(Photo credit Herricks High School on YouTube)

Herricks Child Victims Act Case Settled

Will potentially impact other CVA cases going forward

Vincent Festa, former psychologist accused in the lawsuit. (Photo credit SCPD)

Locals may be aware of the bumpy road that has been the latest lawsuit against a Long Island school district. The Child Victims Act case brought against former psychologist Vincent Festa had been a multi-day deliberation for the jury. The ruling of this case may have set a new precedent for the financial outcome of dozens of unresolved cases across Nassau and Suffolk counties.

The plaintiff, identified in court records by the initials J. G., alleged he was sexually abused by Festa beginning in 1989, when he was a middle school student in the district, and that the psychologist sexually abused him on four occasions during his ninth- and tenth-grade school years. This case was one of 21 claims filed under the CVA accusing Herricks High School administrators of ignoring reports that Festa, now deceased, abused students during his two-decade career with the district.

The plaintiff was represented by attorney Jeff Herman of Herman Law in Manhattan. “This case is about someone having to rely on someone else to enforce safety rules to make them safe,” Herman told the jury. “We are suing the Herricks School District because they failed to follow the most basic safety rule and that is they didn’t forward reports and warnings that Festa was molesting kids.”

The case for the plaintiff included multiple named instances they believe should have caused the district to investigate Festa, who was allegedly referred to by staff and students as “Festa the Molester,” dating back at least a decade before the plaintiff attended the high school. Herman asked the jury to consider at least $14 million in damages in the case.

The allegations against Festa span from 1973 to 1991. He was arrested by Suffolk police in 1993 and accused of sexually abusing six teenagers in his Ronkonkoma neighborhood. He pleaded guilty in 1995 to sodomizing the boys and was sentenced to 5 years of probation and required to register as a sex offender.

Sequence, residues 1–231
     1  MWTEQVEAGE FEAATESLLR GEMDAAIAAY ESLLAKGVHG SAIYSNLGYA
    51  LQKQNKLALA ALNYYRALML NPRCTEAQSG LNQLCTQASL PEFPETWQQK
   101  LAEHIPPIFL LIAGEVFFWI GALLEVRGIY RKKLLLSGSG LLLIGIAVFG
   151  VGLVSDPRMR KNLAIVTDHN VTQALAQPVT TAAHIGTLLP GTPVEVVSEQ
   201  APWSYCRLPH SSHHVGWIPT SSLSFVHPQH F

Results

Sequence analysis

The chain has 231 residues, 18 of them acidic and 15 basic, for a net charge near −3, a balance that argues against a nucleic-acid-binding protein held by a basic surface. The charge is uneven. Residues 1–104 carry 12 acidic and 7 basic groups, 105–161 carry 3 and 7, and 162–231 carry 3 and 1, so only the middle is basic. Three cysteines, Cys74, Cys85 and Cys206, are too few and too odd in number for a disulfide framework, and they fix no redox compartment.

While the district conceded during the two-week trial that Festa, who died in 2011 at the age of 82, sexually abused the plaintiff and other students, it has denied that school officials condoned his actions by ignoring reports from staff, students and parents. “Vincent Festa must bear the full weight of responsibility for the evil things we heard,” argued Melissa Jampol, of Epstein Becker Green in Manhattan, attorneys for the district.

The Nassau County jury deliberated for eight hours over three days before delivering their decision to Justice Felice Muraca. On Friday, March 15, the jury of five women and one man delivered their verdict, that the Herricks School District was not negligent in this case.

Timothy Martin, of Lynbrook, one of the jurors who voted not to hold the district legally responsible, said while he was sympathetic to the victim, there was not enough evidence to prove Herricks was aware of Festa’s conduct and failed to take action. “They didn’t have enough concrete evidence to prove that they were negligent,” Martin told Newsday. “We were looking for documentation. There was no documentation. There were no complaints. And the one witness they did have, his account was not concrete.”

This decision, which many have deemed controversial, has the potential to change the ways financial settlements are considered in future Child Victims Act cases. For this 2023-24 school year, Herricks set aside $2.1 million for “claims and judgments” in its voter-approved budget. The board of education has added $3.5 million to the fund in recent months, specifically citing the need to pay for Child Victims Act lawsuits. The board approved adding $2 million in February and $1.5 million at its meeting earlier this month.

A Newsday investigation suggested that 27 Long Island school districts paid a combined $31.6 million to settle 42 CVA lawsuits by former students who say teachers, administrators and fellow students sexually abused them. The individual settlement amounts range from $5,000 to $8 million. About 100 CVA lawsuits against public school districts on Long Island are still pending. Herricks previously paid $1.25 million to settle four CVA cases involving Festa, with the settlement amounts ranging from $50,000 to $800,000, according to documents Newsday obtained from the district under the Freedom of Information Law.

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